Although a debate still exists whether the human lifespan has a natural upper limit,1 human life expectancy has been increasing throughout recent history.2Amongst other things, this can be linked to developments in medicine and improvements in public health. It is also clear that diet and lifestyle can have significant effects on health and the way people age.3
The fact that more people are living for longer also means more people are living long enough to suffer from one or more age-related diseases, as age is a major risk factor for many conditions. As such, a need exists to improve the health of older people in society, as well as to maintain health as people age. Failure to do so will obviously place a significant burden on aging individuals, and this burden extends beyond individuals to their families and society as a whole given the need to provide and pay for caregiving and medical interventions. Combined with concordant aging population demographics2 and rising health care costs,4 this challenge has the potential to provide a perfect storm, which could have crippling effects on societies and economies.
Many hallmarks of aging occur within the cells, such as the accumulation of DNA mutations, the shortening of telomeres, the accumulation of protein aggregates, as well as changes to the epigenetic landscape of people’s genomes.5 This accumulation of damage and disorder no doubt contribute toward the emergence of age-related conditions. However, it seems the accumulation is not a solely random process, and opportunities are available to influence its progress. This evidence comes from research in model organisms—from invertebrates such as nematode worms or fruit flies, all the way through to mammals, including rodents and primates—which has shown that mutations in single genes, or interventions that target these genes and their pathways, can extend lifespan significantly, and delay or prevent the onset of age-related conditions.6,7 This offers real hope that treatments that improve the underlying process of cellular aging may achieve beneficial effects across multiple health outcomes, all in one go.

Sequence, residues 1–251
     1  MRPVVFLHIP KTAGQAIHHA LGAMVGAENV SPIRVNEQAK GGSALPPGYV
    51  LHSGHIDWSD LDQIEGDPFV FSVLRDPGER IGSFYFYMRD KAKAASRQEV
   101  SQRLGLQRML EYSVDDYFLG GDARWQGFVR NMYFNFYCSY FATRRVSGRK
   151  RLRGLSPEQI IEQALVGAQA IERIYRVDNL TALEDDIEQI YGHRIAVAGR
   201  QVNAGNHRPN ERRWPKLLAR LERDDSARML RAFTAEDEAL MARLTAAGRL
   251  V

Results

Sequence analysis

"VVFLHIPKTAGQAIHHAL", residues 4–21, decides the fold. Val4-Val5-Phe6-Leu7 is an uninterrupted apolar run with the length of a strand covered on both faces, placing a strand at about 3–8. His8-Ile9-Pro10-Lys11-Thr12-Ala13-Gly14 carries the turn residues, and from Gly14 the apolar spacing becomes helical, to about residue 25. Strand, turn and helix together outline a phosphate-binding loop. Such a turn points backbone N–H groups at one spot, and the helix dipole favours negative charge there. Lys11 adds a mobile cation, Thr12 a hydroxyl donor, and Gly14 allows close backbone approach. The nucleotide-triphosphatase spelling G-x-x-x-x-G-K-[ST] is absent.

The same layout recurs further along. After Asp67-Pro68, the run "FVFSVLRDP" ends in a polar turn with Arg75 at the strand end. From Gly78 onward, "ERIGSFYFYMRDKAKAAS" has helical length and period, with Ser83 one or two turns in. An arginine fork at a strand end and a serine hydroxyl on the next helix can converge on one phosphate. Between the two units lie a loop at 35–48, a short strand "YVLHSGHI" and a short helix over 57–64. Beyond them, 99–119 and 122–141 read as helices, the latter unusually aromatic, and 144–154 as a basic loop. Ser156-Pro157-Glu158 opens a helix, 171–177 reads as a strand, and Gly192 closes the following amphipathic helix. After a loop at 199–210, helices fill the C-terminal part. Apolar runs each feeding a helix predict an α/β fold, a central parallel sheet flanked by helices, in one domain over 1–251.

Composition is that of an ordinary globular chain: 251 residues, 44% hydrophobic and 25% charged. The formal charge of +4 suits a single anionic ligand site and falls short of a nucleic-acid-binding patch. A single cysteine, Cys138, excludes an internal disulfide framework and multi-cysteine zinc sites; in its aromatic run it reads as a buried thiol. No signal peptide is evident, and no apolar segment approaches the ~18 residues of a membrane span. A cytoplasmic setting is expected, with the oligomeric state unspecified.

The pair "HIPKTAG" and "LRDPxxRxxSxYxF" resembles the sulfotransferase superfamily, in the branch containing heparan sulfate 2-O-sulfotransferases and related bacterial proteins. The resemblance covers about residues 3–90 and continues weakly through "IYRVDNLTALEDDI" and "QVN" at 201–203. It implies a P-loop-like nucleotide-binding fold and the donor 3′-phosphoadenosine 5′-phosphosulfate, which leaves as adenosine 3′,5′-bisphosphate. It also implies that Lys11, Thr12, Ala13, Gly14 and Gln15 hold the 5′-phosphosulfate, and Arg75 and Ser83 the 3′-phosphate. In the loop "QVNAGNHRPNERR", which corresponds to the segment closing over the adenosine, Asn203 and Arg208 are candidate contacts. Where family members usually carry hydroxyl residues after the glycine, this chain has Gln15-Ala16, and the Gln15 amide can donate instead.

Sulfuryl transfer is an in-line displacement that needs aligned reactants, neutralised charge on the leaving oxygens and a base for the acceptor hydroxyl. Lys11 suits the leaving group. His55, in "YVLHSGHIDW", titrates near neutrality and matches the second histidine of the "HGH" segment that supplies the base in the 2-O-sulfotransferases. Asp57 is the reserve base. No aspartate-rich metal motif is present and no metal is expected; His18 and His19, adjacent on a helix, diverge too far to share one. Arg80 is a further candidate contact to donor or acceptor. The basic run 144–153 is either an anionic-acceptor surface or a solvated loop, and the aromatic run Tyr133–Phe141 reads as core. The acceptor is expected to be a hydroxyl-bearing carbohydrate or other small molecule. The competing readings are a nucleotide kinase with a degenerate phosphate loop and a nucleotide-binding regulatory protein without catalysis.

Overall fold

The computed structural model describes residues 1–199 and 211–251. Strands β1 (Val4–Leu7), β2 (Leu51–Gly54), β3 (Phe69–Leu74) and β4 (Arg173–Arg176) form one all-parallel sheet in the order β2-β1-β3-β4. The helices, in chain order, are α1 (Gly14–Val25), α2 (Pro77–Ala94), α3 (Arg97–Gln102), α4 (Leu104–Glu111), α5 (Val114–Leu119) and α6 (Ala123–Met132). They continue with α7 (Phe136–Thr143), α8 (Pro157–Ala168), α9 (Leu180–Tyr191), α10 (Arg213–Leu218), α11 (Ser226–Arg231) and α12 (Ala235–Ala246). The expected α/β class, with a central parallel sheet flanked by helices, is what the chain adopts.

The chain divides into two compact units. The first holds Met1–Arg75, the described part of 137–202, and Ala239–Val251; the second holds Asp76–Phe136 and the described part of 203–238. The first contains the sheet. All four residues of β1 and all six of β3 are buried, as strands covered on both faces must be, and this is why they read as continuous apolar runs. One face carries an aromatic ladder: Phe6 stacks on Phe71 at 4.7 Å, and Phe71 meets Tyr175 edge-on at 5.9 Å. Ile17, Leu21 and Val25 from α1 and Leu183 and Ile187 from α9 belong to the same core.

Perhaps the most well-known and long-established anti-aging intervention is dietary or calorie restriction, which was first shown to increase the lifespan of rodents in the 1930s.8 Dietary restriction not only extends the lifespan of rodents, but also delays the onset of age-related declines and diseases.9,10 Similar anti-aging benefits of calorie restriction have since been demonstrated in multiple other model organisms, including yeast,11 nematode worms12 and fruit flies.13 Indeed, despite some conflicting results, evidence also supports beneficial effects on lifespan—or perhaps more accurately, healthspan—in organisms much closer to humans, such as rhesus monkeys.14
Given beneficial effects in such a broad array of organisms, research is exploring if similar interventions have the same benefits in humans. Although, for obvious reasons, assessment on the impact of long-term dietary restriction in humans in controlled studies is lacking, epidemiological data and short-term studies do support many of the same responses occurring.15,16,17